Guest blogger: Jazmin Gallegos, UMFA ACME Intern
Museums are structures which house collections of artistic, historical, scientific and cultural artifacts. But what other purposes do museums serve?
Here at the UMFA, we found this to be an especially relevant question right now as we are in the middle of a temporary closure period; our doors are closed, but how does our reach extend beyond the building itself?
Some would see a museum closure as a daunting task. The UMFA saw it as an opportunity. As a way to stay connected with our community during 2016, the UMFA launched ACME (Art. Community. Museum. Education.), an outreach initiative dedicated to rethinking the public role of museums. The program, which will extend into our reopening, comprises two parts: ACME Sessions, roundtable public dialogues where participants can dream and articulate new models of education and engagement through art, and the ACME Lab, a physical space for art experimentation slated to launch at the UMFA in spring 2017.
The first ACME Session was held March 9 at the City Library in Downtown Salt Lake, and the question of the night was, “Museums: What Are They Good For?”. The UMFA couldn’t answer this alone, so we invited the public, as well as a panel of some of the most influential leaders within the Salt Lake City art and science community, to join in the conversation. The directors from the Natural History Museum of Utah (NHMU), The Leonardo, The Utah Museum of Contemporary Art (UMOCA), and the Utah Museum of Fine Arts (UMFA) weighed in on the importance of museums to the community, and instigated a number of conversations that we hope to see carried on.
The evening began with socializing and refreshments, followed by a warm welcome and introduction to the ACME initiative from UMFA’s director of education and engagement, Jorge Rojas. The presenters then addressed the group as a whole, before splitting into breakout sessions where deeper conversations could be held with the individual directors.
Kristian Anderson, UMOCA’s executive director, began the night by talking about ways UMOCA is addressing contemporary and social issues relating to Utah. Anderson focused on experiences and asked visitors to share an instance when they may have felt uncomfortable or unwelcome within a museum. He made it a point to bring up why museums may feel intimidating and how programming can become more inviting, especially towards under-represented audiences. One program he highlighted within his own museum is the Artist-In-Residency program (A-I-R) which supports artists from outside of Utah in an economy that has little room to spare for the arts.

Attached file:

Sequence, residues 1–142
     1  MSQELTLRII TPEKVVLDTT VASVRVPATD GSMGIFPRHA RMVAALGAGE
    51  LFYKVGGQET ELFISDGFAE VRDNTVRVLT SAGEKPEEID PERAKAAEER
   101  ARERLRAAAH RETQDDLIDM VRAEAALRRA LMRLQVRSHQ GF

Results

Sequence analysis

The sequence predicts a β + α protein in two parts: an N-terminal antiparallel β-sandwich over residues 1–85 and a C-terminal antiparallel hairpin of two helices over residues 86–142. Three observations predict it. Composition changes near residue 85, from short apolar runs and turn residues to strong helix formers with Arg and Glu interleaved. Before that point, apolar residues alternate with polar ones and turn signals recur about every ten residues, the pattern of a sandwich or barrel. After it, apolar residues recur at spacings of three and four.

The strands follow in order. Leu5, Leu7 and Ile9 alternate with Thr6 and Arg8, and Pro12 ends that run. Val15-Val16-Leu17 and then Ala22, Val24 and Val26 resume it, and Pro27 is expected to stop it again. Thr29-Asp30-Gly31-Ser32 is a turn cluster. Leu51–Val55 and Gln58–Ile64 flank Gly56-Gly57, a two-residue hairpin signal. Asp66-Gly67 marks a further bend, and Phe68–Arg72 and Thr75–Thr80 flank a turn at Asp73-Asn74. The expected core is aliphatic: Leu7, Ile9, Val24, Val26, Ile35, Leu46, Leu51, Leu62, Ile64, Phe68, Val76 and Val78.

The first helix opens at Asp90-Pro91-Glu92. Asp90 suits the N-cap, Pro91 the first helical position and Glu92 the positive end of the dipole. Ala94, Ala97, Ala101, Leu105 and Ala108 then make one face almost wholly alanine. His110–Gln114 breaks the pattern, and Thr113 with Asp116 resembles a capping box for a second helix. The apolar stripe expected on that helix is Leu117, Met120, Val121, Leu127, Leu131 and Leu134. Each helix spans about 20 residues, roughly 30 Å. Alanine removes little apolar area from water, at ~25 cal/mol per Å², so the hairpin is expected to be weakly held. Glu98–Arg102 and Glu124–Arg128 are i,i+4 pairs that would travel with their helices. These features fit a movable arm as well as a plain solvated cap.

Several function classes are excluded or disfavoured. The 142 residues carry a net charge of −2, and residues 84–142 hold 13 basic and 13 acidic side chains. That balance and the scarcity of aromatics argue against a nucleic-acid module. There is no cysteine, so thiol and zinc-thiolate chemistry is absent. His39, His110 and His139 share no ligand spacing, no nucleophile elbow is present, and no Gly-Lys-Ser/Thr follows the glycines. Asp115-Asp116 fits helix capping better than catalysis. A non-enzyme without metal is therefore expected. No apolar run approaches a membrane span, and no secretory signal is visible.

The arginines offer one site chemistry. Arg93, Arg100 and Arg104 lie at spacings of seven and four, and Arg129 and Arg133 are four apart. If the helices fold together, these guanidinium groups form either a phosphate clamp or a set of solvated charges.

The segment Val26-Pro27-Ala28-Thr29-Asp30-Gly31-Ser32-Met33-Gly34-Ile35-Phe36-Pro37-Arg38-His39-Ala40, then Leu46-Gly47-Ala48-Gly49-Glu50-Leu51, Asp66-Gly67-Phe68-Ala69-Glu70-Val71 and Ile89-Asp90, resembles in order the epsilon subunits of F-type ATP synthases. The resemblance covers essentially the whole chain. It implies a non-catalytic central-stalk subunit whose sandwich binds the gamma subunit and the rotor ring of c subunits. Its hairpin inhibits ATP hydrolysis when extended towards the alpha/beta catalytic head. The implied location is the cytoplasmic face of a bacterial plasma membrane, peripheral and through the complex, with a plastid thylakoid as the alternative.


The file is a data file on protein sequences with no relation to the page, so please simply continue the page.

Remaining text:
A crucial topic throughout the night was accessibility. Sarah B. George, executive director of NHMU, spoke about simply getting to the museum. The conversation centered on assessing and facilitating higher attendance from areas around the valley that may have difficulty reaching the museum.
As conversations escalated, Leonardo director, Alexandra Hesse, prompted a dialogue about authentic museum experiences and addressed what it means to create free or cost-effective programming. The Leonardo is working to best serve the community, and their central location gives them the potential—and also the pressure—to draw a vast and diverse audience.
Meaningful content was another topic of interest among ACME Session participants. Gretchen Dietrich from the UMFA asked people to share their museum experiences and why they felt them significant. She and guests focused on what curators chose to create within the galleries and why those components are so crucial.
During the Q&A portion, Rojas asked how the UMFA is connecting with minority communities that tend to be overlooked. Dietrich responded with the exhibition, Our America: The Latino Presence in American Art from the Smithsonian American Art Museum, as an example. “We had to fight for that exhibition,” explains Dietrich. “It was a way for the UMFA to represent artists from regions of the world that need to be better recognized for their contributions.”
As the night concluded, and a rich exchange of ideas had been made, Rojas thanked participants for their effort to help the UMFA understand what the community would like to see once the doors reopen in 2017. As a participant from Hesse’s breakout session put it: “impact is a two-way street.” Two-way learning, from both the community’s perspective as well as what the museum itself can learn, is necessary for change.
The first ACME Session focused on museums and the challenge they face to improve visitor experiences. The next session, “What’s Hip-Hop Got To Do with Education?” will take place on Wednesday evening, May 11, at the Glendale Branch of the SLCPL. Based on the idea that knowledge is the “fifth element” of hip-hop, we will ask questions such as: “What kinds of learning take place through hip-hop?” and “How can hip-hop culture help us rethink our approach to education?” Whether you’ll be attending again or for the first time, we hope you will join in the conversation. See you May 9!